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The Winnipeg General Strike

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The Worst of Times The Winnipeg General Strike One fateful morning on May 15th, 1919, the city of Winnipeg ground to a halt. It was not the work of a natural disaster, but that of a social one. 30 000 workers did not show up to work, but were striking for the basic need of more money and better working conditions. Many factors lead to the failure of the Winnipeg General Strike, with the main factor being timing. This general strike occurred only a short while after the worker's revolution in Russia, which made the government suspicious of this event being a possible revolution. The Winnipeg General Strike had many factors that triggered it. The cost of living was rising due to the inflation caused by World War 1. Many city employees approached the City Council in April of 1919 to ask for a wage increase. The proposal was rejected but the workers were offered war bonuses. This proposal was deemed to be unsatisfactory by the city workers. ...read more.


As a result the jobs that they did get were low paying and had very dirty working conditions. It was only after the 1920's, and the Winnipeg General Strike, that the government provided a law based on fair and just working conditions. I think that the workers' demands were very reasonable at the time. Better wages could have easily been given because due to inflation, employers were making more money, and could easily have given the extra profit onto their employees. The main cause of the strike was the one that employers were benefiting most from. The improvement of working conditions would be harder to achieve but was still very reasonable. Many people worked in miserable conditions and due to their low pay they had to live near their work, usually factories, which was very dirty and unhealthy. Many workers, even children, got severely injured or even died at work, with little pay. If the males died their family would have no way to support themselves, as in the 1920's the male was still the main 'breadwinner' for the family. ...read more.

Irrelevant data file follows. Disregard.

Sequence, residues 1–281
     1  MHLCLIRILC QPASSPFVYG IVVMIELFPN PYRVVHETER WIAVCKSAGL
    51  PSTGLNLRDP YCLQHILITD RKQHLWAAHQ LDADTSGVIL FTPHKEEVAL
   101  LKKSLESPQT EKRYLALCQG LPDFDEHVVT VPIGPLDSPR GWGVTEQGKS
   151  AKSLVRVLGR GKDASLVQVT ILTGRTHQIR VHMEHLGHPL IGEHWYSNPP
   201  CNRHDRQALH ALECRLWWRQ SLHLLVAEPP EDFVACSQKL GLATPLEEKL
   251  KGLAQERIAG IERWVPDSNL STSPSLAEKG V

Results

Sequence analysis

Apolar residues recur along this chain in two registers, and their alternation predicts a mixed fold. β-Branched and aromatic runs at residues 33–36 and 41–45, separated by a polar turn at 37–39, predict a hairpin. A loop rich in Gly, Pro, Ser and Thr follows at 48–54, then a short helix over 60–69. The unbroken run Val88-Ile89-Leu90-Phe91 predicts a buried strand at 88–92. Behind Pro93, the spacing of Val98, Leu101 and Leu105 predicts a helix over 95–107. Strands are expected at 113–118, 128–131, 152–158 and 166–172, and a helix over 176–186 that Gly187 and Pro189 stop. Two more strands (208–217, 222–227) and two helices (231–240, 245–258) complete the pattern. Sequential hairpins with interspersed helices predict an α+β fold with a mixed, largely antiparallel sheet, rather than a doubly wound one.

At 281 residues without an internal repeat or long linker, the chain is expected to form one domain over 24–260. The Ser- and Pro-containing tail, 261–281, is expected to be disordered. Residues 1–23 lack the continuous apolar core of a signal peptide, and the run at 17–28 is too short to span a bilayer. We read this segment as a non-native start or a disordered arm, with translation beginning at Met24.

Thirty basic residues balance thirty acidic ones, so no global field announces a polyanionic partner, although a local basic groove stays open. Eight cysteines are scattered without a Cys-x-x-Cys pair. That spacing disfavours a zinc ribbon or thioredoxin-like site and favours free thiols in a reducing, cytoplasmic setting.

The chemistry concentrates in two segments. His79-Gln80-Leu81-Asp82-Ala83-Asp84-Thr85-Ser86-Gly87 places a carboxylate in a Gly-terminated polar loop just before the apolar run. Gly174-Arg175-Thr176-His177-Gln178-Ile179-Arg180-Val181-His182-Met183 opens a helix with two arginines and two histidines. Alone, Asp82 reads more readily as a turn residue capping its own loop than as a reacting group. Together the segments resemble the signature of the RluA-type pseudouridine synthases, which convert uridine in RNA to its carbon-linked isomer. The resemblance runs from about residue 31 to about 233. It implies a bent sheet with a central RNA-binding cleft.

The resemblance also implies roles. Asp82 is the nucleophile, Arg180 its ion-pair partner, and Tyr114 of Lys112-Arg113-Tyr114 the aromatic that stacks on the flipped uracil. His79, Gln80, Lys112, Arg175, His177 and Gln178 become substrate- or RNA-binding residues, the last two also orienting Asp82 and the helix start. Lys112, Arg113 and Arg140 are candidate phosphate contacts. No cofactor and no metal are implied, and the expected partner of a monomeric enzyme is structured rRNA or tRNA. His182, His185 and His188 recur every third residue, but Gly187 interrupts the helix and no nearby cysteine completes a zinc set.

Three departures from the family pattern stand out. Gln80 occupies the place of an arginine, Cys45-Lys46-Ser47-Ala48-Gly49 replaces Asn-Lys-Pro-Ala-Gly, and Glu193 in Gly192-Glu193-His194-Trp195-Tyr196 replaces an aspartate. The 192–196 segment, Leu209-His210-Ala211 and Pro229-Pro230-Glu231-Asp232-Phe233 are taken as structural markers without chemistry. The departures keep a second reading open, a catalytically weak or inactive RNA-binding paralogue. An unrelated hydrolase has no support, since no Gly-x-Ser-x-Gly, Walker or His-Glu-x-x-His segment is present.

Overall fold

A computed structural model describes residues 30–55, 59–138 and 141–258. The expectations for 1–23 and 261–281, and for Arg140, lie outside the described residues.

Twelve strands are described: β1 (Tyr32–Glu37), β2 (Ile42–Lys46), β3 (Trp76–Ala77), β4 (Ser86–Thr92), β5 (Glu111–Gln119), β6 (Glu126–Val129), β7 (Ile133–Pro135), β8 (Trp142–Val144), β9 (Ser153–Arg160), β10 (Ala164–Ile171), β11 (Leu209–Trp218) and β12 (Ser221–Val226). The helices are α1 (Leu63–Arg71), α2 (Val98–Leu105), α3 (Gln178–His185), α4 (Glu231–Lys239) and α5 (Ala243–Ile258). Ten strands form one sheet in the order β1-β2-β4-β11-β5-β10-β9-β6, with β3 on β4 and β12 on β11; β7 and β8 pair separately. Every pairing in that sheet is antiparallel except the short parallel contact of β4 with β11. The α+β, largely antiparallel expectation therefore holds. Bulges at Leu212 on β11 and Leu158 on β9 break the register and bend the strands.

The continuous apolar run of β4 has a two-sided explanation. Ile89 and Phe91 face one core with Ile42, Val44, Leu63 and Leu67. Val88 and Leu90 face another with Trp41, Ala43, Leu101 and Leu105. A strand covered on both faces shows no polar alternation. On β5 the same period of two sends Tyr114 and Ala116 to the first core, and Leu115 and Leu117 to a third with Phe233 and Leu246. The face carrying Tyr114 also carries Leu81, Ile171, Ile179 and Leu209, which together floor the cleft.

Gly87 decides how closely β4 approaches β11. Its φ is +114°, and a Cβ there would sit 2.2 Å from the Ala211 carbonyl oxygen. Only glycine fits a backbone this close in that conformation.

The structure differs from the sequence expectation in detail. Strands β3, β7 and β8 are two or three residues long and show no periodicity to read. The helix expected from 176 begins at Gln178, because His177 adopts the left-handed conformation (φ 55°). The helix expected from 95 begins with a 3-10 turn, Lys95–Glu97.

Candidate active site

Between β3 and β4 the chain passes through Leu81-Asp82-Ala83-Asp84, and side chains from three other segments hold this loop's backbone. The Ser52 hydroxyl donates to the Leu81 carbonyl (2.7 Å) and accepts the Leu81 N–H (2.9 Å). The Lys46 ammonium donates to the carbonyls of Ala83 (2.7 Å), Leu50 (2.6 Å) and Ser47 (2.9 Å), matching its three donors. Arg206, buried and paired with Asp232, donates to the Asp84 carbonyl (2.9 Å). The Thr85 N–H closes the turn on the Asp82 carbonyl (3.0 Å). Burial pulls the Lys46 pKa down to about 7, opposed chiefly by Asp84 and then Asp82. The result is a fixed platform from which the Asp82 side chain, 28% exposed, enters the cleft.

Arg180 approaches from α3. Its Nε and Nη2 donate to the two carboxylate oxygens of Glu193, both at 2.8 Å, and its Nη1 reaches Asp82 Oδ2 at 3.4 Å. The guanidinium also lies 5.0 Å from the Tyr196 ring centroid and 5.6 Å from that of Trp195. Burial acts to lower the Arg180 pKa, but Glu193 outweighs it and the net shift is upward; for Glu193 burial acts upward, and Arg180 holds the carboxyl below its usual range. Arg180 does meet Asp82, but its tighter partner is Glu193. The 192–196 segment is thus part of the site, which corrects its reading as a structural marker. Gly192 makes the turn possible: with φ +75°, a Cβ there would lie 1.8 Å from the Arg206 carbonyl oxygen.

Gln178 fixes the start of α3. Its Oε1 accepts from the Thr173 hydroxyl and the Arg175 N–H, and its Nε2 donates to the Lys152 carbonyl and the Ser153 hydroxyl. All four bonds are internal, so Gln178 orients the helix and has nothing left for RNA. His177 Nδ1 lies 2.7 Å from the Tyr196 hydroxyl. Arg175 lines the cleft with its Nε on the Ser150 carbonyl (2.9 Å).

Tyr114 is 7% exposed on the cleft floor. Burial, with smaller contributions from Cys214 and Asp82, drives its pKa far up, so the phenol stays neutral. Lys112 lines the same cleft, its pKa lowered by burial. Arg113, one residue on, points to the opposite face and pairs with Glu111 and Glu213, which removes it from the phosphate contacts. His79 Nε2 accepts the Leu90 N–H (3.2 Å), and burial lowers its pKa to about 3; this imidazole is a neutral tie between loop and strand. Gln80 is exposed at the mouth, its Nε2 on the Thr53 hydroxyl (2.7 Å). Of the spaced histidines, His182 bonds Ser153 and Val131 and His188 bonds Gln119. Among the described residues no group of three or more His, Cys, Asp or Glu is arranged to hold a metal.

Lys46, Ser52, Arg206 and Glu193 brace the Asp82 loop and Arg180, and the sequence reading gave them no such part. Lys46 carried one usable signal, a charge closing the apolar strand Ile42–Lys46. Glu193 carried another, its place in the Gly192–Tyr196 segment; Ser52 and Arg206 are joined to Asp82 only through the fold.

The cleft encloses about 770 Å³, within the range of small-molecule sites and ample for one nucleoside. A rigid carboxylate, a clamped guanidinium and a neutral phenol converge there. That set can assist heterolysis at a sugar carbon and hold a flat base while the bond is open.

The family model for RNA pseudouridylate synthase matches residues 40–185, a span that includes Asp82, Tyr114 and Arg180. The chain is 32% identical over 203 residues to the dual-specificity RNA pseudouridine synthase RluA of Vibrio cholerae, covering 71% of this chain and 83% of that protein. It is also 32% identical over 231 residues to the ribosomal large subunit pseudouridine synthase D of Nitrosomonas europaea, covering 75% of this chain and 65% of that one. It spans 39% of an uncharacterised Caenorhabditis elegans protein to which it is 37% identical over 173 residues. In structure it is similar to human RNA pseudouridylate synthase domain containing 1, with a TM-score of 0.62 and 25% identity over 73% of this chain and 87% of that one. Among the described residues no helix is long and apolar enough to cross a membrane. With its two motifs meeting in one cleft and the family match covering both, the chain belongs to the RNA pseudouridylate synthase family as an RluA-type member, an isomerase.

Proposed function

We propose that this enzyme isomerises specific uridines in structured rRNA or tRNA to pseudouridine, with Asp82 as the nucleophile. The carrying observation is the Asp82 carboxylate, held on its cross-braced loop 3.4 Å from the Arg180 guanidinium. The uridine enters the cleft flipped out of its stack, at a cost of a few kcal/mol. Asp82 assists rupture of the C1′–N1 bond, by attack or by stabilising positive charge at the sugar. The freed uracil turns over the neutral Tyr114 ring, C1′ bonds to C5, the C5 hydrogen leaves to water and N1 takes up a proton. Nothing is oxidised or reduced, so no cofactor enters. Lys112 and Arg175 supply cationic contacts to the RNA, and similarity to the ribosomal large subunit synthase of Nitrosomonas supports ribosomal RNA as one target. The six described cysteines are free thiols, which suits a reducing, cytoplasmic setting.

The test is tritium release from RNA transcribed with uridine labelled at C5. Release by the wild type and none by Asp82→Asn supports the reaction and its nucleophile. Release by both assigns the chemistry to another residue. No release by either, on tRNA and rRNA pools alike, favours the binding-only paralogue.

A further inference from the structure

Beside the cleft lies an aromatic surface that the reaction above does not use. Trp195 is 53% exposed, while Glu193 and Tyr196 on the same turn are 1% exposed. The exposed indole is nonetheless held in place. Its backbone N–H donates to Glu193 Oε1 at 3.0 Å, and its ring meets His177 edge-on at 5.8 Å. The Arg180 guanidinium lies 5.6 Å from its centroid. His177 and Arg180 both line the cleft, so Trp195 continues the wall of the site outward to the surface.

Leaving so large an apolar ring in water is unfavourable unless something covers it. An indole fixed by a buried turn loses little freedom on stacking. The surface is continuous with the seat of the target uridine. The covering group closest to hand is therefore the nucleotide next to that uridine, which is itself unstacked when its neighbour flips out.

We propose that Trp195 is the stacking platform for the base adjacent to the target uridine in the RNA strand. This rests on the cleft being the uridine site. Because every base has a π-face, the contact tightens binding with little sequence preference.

I think that the strike was unsuccessful. It just created more tensions between employers and employees as well as well as increasing tensions between immigrants and native-born Canadians. The leaders of the strike were convicted of conspiracy, and 3 immigrants were deported. This fact is proven through the following quote. "Seven of the arrested leaders were unfairly convicted of a conspiracy to overthrow the government." It took another 30 years before tensions and the fear of unions died down, and Canadian workers secured union recognition and collective bargaining rights. Due to all the reasons listed above, I believe that the Winnipeg General Strike was a failure, and did more harm to Canadians than it did good for the general public. The Winnipeg General Strike can be considered as a wake-up call to the Canadian government of its' time period. It told the government of the condition of the workers and the displeasure that they had. However, their fear of communism stopped them from allowing the workers to receive the treatment that they deserved. However, no one will ever know if the Winnipeg General Strike was actually a part of a communist movement or the workers call for fairer treatment. ...read more.

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